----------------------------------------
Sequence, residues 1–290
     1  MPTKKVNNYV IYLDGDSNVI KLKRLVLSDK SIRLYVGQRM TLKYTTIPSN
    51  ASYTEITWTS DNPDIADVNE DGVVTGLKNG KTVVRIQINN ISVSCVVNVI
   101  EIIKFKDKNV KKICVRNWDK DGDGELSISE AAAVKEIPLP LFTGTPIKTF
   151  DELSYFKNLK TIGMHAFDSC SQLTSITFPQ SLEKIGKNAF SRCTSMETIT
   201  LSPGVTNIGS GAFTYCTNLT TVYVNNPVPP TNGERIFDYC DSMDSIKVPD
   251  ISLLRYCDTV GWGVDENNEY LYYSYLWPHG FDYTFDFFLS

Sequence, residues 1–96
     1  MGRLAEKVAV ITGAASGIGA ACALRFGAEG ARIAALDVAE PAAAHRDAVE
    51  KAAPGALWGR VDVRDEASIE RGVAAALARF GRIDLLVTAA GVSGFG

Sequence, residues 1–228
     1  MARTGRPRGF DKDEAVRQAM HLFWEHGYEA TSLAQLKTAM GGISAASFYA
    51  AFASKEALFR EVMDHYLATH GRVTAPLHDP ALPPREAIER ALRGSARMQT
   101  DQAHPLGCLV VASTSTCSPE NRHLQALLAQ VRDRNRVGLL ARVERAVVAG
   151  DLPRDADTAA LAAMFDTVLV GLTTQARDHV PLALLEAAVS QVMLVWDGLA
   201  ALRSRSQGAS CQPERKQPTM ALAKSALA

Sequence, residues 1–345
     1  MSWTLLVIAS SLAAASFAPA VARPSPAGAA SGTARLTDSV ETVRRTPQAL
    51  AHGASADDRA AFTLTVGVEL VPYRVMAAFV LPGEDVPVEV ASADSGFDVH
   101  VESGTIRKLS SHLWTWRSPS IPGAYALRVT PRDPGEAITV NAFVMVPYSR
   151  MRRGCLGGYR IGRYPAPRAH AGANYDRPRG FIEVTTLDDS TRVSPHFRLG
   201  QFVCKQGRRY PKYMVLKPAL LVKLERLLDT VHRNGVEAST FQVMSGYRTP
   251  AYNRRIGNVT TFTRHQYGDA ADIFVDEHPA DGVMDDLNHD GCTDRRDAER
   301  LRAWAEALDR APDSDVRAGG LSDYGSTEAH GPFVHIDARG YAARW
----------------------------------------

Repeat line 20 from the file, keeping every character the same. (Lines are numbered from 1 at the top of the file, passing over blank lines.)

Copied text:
   101  VESGTIRKLS SHLWTWRSPS IPGAYALRVT PRDPGEAITV NAFVMVPYSR